As in the real world, leaders tend to gradually "forget" the transgressions of the past. The Grievances score between each pair of nations has a decay rate whenever the two nations are not at war with each other (no decay when they are at war!). This rate depends on the Game Era, and goes from fast to slow, as the game progresses. This mirrors the old Warmonger score differences, as related to Game Eras, and preserves the diplomatic tendency of diminishing tolerance towards aggressive behavior with the coming of modern times. However, instead of the penalties increasing with Game Eras and then decaying at the same rate, now the penalties stay the same with eras, but the decay rate slows down - the leaders will remember transgressions for far longer, and consequently react negatively towards the transgressor for longer periods. To see a breakdown of the Grievances decay causes, mouse over the little number next to the main Grievances number.
The base decay rate of Grievances is equal to 10 - x per turn, where x is each era after the Ancient Era. So, Grievances in the Ancient Era will decay by 10/turn, while in the Renaissance Era they will decay by 7/turn, and so on, with the decay reaching 2/turn by the Future Era.
The base decay rate is modified if a party is currently occupying a city or cities of the other party. Depending on which party currently has Grievances with the other, the rate changes by -1 for the "victim" party (the one whose city the enemy is occupying), but by +1 for the occupying party. So, for example, if you are occupying cities of a nation in the Renaissance Era and they have Grievances with you, the decay rate will be 7 - 1 = 6/turn, but if you have Grievances with them the rate will be 7 + 1 = 8/turn. If on the contrary, they occupy cities of yours and you have Grievances with them, the rate will be 6; if they have Grievances, however, the rate will be 8. Note that it does not matter how many cities you occupy, the decay rate modifier is always 1. However, if you occupy someone's Capital the rate becomes ±3.
It is unclear if the decay rate can be completely negated by these modifiers.
Causes for Grievances
Compared to the old warmongering system (where only outright aggression could have international consequences), the gameplay situations which can cause Grievances are many more, and include practically the entire field of diplomacy. Here are the general areas where you could expect generation of Grievances:
- Warfare. This remains, of course, the main cause for accruing grievances. Declaring war (even with a Casus Belli in most cases), conquering cities, razing cities, as well as retaining cities after a Peace negotiation all inflict grievances with the victim leader.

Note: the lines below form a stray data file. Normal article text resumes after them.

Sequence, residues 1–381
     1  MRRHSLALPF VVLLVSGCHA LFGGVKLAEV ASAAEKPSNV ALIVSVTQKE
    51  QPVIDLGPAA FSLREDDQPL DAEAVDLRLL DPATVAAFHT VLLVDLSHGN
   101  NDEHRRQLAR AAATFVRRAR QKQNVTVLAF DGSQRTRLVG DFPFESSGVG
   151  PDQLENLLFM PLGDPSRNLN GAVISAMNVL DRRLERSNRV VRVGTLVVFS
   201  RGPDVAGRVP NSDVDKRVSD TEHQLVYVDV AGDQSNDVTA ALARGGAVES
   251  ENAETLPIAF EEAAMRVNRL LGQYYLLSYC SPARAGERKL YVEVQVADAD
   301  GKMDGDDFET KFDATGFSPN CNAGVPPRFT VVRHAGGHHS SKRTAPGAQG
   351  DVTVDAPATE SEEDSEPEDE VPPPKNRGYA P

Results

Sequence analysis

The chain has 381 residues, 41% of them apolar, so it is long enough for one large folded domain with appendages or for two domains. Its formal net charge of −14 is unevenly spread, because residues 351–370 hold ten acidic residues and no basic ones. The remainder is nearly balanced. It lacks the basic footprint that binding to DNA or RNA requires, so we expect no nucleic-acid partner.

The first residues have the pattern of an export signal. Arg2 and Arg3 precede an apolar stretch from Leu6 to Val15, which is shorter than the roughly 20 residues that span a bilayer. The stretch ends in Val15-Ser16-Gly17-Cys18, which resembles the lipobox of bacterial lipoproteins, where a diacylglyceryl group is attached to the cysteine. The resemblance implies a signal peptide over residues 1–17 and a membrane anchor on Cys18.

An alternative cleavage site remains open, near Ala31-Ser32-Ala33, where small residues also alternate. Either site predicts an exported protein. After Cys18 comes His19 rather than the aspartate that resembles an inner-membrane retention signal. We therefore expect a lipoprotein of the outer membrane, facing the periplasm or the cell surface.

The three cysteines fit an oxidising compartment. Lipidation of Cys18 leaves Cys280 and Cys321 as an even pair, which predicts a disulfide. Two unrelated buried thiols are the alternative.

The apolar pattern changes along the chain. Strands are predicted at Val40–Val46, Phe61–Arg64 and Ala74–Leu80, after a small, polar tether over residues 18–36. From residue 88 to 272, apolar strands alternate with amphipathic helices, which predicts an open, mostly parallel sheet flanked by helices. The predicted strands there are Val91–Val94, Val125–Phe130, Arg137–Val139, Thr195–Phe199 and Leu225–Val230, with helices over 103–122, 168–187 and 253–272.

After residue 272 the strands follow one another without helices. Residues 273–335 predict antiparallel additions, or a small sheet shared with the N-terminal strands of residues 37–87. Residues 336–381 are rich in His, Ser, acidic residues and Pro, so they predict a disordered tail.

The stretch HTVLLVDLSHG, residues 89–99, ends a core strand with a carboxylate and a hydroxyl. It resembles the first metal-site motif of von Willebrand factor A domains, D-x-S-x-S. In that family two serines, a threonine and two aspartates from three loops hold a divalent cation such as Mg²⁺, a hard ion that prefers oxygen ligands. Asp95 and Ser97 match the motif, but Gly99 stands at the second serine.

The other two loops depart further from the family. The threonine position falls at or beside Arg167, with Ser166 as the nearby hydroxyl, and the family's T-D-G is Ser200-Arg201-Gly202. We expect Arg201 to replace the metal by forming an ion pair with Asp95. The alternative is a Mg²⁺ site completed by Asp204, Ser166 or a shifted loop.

- War declarations to friends or allies. When third parties declare wars on your friends, you get Grievances against them, even if you do not Declare an automatic war. Note that this is also true when the friend entity is just a City-state! A friend in this context is considered any City-State in which you have at least 1 Envoy (and if you are also the City-State's Suzerain you will gain a Casus Belli against the offending nation).
- Relationships between leaders. Many diplomatic actions can become causes for grievances, including denouncing, refusing to make a promise, and reneging on a promise. Refusing to make a promise causes 25 Grievances at first and 25 Grievances for every offense afterwards, but breaking a promise made causes 100 Grievances initially and 25 Grievances for every offense afterwards.
- Spying. Being caught spying now also inflicts Grievances (against you, of course).
And here is a complete list of Grievances causes and their exact numerical values. Note that using Casus Belli when declaring wars will also reduce as before all war-connected Grievances-generating actions:
|Surprise War Declared||150|
|Captured the final city of a civilization||150 (all remaining civs gain Grievances against you)|
|Formal War declared||100|
|War declared on a city-state a civ is the Suzerain over||100|
|Broke a Promise, including:
||100 at first, then another 25 per repeated incursion|
|War of Territorial expansion declared||75|
|War declared on a Friend or Ally||75|
|Holy War declared||50|
|Colonial War declared||50|
|War of Retribution declared||50|
|Ideological War declared||50|
|War declared on a city-state friend or ally||50 (to every civ that has at least 1 Envoy in that city-state but is not the Suzerain)|
|City-state conquered||50 (all civs gain Grievances against you)|
|Golden Age War declared||25|
|Refused to make a Promise||25 at first, then another 25 per repeated incursion|
|Controlling the civ's original Capital||3/turn|
|Controlling any cities founded by the civ (unless you also have the original Capital)||1/turn|